The MIT began an investigation into the matter after allegations that it could have been someone or a group within the organisation, in conjunction with MOSSAD, who may have leaked it to weaken the position of Hakan Fidan, appointed head of MIT after a brief stint as Undersecretary of the Prime Ministry. The Prime Minister Tayyip Erdoğan immediately made a statement on his way from Egypt to Tunisia to support Fidan and it was later reported that reinforcements would be appointed to MIT to consolidate Fidan’s position. The fact that the Prime Minister was quick to defend Fidan and then talk of reinforcements hitting headlines raises question marks that have not been dispelled yet. Israel’s possible involvement was interpreted as retaliation against the flotilla crisis and the strengthening of the AKP in the Middle East. With the leak coming at a time when the Prime Minister was on a tour of the ‘Arab Spring’ countries was further proof of this according to some. If this was the aim, Israel haven’t been very successful, but it could be a first warning to the AKP. According to ‘journalist’ Emre Uslu Israel intended to leak the recording during the election to dent the AKP’s campaign but opted against this as it would have the opposite effect amongst Kurds because the recording proves that the AKP were pushing for a solution whereas the PKK were sabotaging it. However it would be wise to state that Mr Uslu is mistaken because the PKK had not begun retaliatory attacks until after the elections and that the Turkish military had killed over 50 PKK guerrillas during April, May and June. So if the recording had been leaked during the election campaign it would have probably caused a greater stir for the AKP and would have strengthened the Peace and Democracy Party (BDP) and the Kurdish Freedom Movement in general, because Kurdish public opinion was aware of the meetings with Öcalan. The AKP’s tone hardened following the Silvan attack (July 14th) in which 13 soldiers were killed. On the same day the Democratic Society Congress (DTK) declared ‘Democratic Autonomy’ and both these incidents combined gave the AKP the much needed excuse to officially end the dialogue process, though it had evidently ended with the victory of the BDP in the general elections and the clarification of Kurdish demands during the meetings with Abdullah Öcalan. The much abused rhetoric of ‘the Kurds do not know what they want,’ was put into circulation immediately after this to obscure the aggressive policy of the AKP and put the blame on the Kurdish side.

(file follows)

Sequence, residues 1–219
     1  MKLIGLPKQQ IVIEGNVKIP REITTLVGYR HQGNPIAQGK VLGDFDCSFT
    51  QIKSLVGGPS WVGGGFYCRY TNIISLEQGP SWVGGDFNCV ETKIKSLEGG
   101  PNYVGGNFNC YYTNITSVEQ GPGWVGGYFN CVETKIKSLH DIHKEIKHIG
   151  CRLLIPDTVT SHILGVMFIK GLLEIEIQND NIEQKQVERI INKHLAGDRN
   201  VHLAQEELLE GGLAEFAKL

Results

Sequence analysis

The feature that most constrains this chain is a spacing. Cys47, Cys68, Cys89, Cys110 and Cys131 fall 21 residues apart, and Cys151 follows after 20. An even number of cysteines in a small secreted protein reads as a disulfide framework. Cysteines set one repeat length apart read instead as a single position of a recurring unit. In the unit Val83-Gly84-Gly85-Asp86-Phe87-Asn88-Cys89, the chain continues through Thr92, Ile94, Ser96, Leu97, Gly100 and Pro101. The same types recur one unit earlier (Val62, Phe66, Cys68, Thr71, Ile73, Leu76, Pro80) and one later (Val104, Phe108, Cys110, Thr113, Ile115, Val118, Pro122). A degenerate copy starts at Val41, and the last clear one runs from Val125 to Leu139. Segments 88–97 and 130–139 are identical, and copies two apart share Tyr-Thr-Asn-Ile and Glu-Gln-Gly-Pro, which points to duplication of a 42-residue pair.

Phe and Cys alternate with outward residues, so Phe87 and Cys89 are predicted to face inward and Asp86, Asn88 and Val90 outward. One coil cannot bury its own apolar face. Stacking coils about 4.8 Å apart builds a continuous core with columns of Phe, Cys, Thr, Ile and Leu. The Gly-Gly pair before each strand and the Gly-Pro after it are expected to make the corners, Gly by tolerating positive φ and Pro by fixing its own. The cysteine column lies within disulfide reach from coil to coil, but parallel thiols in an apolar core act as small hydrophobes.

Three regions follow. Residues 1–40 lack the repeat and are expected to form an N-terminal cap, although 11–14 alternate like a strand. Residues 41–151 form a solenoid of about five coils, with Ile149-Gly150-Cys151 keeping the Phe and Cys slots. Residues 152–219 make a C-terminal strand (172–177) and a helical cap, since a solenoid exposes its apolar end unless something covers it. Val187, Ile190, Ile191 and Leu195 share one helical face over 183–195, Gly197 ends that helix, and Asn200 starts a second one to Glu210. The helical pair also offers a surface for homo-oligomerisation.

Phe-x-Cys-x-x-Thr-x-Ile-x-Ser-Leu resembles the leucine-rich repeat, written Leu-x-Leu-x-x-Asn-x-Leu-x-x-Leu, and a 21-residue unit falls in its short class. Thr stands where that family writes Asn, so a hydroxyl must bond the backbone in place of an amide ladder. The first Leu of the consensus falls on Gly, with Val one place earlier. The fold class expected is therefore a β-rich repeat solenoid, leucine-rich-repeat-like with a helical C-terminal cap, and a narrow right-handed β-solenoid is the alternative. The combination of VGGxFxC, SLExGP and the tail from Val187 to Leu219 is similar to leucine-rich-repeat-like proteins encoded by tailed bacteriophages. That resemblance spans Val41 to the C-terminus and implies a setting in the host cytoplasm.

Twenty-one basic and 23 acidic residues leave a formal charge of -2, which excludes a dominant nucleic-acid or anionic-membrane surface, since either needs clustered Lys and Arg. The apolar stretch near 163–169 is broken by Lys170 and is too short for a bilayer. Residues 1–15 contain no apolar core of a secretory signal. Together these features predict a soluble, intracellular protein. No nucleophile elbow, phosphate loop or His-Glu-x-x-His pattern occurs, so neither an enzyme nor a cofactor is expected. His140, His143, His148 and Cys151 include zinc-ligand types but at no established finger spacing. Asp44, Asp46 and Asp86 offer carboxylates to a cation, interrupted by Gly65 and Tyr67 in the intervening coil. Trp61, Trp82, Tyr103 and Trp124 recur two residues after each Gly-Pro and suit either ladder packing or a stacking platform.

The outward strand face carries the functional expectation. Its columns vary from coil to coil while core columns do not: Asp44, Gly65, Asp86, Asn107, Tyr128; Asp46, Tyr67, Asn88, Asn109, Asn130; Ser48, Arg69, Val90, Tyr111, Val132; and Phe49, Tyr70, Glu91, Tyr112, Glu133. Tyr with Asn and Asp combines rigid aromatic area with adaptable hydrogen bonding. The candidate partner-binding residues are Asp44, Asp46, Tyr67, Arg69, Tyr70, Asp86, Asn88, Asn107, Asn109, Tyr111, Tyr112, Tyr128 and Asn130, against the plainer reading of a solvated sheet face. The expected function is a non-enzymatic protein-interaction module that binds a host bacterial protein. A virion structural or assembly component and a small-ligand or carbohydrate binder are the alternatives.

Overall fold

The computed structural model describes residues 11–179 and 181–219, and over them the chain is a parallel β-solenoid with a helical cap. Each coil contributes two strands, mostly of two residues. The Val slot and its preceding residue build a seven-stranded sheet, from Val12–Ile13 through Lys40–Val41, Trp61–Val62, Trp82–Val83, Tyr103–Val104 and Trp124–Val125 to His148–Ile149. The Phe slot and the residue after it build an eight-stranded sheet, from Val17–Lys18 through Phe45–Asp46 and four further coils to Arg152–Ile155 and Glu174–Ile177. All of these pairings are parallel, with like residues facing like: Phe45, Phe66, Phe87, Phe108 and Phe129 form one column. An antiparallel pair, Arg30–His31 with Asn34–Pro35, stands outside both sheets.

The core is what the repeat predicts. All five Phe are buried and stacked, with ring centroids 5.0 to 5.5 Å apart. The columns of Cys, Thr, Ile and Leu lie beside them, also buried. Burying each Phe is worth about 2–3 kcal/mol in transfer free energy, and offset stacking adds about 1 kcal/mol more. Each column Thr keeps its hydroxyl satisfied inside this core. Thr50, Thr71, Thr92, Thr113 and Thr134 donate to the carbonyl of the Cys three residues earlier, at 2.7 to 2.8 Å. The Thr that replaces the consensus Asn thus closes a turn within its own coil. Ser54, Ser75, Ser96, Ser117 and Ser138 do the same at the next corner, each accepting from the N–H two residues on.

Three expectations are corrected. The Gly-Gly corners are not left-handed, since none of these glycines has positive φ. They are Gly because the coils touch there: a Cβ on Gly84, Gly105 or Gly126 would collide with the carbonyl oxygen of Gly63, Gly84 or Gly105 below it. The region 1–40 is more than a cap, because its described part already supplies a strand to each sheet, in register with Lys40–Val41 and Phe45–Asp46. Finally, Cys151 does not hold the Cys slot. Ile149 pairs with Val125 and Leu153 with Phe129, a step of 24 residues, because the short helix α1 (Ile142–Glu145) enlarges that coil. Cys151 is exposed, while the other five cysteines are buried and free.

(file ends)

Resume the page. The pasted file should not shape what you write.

Meanwhile the Union of Communities in Kurdistan (KCK) also rejected involvement in the leak and openly stated that whoever had leaked the recording did not have good intentions. However they accepted the meetings and said that they were being conducted in order to reach a peaceful and democratic solution to the Kurdish issue, which they had always favoured. Although the meetings had developed to a certain degree, the monist, oppressive and aggressive approach of the AKP and the rejection of the protocols by the government had ended the meetings they added. The BDP also approached the leak positively and called for talks to be held openly with both Öcalan and also the PKK/KCK. They highlighted the fact that their had not been an uproar and that public opinion had reacted favourably for a more concrete peace process to begin.